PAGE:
Chemical Damage Basics
Chemical damage is any damage to the chrome faucet brought on by chemical reactions. The most common type of damage to chrome is rust damage. Tap water that is laden with high concentrations of iron will rust the chrome, causing it turn brown or reddish green. This ruins the aesthetic appeal and may be very difficult to remove. Chemical damage may also result from attempting to use cleaners that contain hydrofluoric, oxalic and other types of acids, which result in a milky green stain.
Soap and Water
Simple soap and water is usually sufficient for cleaning most stains from chrome faucets, provided that the soap does not contain any type of acid. Dishwashing liquid is your best bet, but try to avoid abrasive soaps like powdered detergents. Check the list of ingredients on the soap's packaging to ensure that it contains no acid content, then simply lather it onto your chrome with a damp, warm washcloth. The milky stains resulting from acid corrosion should peel away within seconds.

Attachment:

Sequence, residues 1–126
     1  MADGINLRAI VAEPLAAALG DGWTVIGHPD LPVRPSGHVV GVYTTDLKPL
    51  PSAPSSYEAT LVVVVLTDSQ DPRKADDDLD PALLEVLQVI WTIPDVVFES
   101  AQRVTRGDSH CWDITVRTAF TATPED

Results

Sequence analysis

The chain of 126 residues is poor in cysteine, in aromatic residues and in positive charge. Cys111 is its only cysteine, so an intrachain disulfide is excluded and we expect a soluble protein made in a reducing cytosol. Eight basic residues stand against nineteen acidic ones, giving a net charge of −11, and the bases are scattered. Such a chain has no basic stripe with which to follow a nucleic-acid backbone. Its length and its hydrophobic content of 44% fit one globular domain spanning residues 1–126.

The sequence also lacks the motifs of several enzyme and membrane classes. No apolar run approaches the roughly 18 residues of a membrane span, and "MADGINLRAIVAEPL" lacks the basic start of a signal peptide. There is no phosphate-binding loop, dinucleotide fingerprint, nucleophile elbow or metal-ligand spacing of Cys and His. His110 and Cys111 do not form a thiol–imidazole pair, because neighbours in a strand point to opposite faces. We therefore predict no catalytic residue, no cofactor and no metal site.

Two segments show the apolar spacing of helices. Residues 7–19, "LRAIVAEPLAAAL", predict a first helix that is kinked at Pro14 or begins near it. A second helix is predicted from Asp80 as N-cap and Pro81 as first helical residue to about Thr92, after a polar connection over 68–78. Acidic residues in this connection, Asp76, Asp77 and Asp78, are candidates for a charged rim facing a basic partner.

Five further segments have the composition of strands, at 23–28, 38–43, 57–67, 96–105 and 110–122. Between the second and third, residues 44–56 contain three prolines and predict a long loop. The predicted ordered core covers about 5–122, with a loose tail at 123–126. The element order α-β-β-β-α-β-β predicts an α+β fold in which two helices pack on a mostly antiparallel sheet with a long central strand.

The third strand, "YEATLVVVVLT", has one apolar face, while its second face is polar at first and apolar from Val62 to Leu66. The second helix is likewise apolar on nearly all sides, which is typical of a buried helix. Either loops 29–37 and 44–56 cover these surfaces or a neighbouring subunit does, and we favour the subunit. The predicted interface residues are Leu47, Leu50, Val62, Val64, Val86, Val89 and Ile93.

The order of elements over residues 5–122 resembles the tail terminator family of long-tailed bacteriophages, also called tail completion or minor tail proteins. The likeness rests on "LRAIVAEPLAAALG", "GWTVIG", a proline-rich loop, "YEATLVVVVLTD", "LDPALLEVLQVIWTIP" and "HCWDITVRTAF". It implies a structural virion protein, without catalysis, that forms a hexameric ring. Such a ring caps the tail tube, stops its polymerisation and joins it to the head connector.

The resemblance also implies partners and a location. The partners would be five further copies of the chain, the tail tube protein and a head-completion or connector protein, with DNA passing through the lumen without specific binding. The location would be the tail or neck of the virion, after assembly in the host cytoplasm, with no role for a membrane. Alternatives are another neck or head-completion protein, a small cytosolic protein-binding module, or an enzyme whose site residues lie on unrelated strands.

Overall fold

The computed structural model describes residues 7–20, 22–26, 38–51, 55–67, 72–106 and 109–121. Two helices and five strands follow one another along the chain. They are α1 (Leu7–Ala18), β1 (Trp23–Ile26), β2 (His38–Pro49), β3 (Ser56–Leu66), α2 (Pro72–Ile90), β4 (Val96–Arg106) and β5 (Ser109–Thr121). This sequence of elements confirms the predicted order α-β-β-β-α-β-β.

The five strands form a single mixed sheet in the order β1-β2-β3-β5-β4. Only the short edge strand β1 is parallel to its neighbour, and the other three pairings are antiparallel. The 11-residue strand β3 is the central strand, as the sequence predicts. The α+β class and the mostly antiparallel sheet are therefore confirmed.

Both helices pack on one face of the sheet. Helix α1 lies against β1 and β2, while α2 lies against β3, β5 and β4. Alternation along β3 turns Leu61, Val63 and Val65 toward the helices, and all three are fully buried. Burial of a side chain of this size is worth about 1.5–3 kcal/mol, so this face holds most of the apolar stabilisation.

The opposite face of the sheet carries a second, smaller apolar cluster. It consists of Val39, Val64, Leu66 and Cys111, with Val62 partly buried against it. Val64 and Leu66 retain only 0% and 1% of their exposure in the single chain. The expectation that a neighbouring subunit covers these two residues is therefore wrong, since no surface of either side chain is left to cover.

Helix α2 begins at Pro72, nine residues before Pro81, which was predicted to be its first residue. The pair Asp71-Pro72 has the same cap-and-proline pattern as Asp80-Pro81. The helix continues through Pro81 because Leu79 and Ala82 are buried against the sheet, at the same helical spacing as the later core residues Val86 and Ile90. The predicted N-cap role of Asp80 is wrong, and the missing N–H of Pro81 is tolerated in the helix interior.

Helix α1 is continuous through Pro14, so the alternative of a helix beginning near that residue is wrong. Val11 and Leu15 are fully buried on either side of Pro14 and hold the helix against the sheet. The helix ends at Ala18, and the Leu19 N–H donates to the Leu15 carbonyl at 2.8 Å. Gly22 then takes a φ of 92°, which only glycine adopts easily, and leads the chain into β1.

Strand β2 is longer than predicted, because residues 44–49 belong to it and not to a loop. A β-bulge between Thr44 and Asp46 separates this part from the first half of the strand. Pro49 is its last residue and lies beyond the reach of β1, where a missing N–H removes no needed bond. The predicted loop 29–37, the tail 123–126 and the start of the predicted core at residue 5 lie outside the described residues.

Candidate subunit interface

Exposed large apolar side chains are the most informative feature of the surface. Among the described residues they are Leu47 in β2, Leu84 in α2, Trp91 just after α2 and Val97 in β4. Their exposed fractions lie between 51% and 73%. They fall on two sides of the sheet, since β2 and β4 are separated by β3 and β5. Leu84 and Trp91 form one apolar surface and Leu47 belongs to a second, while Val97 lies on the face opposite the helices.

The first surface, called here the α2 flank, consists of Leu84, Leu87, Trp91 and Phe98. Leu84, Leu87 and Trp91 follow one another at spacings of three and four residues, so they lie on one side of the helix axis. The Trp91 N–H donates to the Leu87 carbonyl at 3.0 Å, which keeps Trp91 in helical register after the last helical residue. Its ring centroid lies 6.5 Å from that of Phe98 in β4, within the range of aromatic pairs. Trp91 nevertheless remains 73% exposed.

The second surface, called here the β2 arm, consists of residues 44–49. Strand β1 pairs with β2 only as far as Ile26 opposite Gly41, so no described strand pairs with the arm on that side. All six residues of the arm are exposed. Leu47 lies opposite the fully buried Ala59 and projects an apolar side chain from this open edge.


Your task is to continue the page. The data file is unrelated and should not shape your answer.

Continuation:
The aluminum foil method is used on all sorts of chrome fixtures for safely removing rust buildup. Steel wool may be typically used to remove rust, but it may scratch your chrome and leave chemical dust behind. Wipe down your chrome faucets with a wet sheet of aluminum foil. This will help remove the rust cleanly without the risk of scratching up for beautiful fixture. Rinse the faucet when finished.
Vinegar is acidic, but not so much that it would damage chrome so it is generally safe to use as a cleaning and polishing agent. Use paper towels dampened with white vinegar to wipe away rust and chemical staining from your chrome faucet. Let the vinegar-soaked paper towel sit on the rust for a few minutes while it gradually eats away and loosens it from the surface. Wipe down and thoroughly remove any traces of vinegar after you're finished cleaning to ensure that it does not cause any inadvertent chemical staining.
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